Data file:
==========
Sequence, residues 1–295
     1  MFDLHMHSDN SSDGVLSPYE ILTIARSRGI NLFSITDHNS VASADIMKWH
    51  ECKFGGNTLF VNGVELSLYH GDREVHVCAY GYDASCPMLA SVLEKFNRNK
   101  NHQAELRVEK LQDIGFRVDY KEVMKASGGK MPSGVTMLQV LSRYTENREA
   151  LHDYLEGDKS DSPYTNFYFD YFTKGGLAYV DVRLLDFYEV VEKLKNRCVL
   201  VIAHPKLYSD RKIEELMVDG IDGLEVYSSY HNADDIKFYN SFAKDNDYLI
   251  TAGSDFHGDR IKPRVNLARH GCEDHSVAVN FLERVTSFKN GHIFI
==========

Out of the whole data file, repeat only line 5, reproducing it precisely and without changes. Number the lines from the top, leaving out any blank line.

   151  LHDYLEGDKS DSPYTNFYFD YFTKGGLAYV DVRLLDFYEV VEKLKNRCVL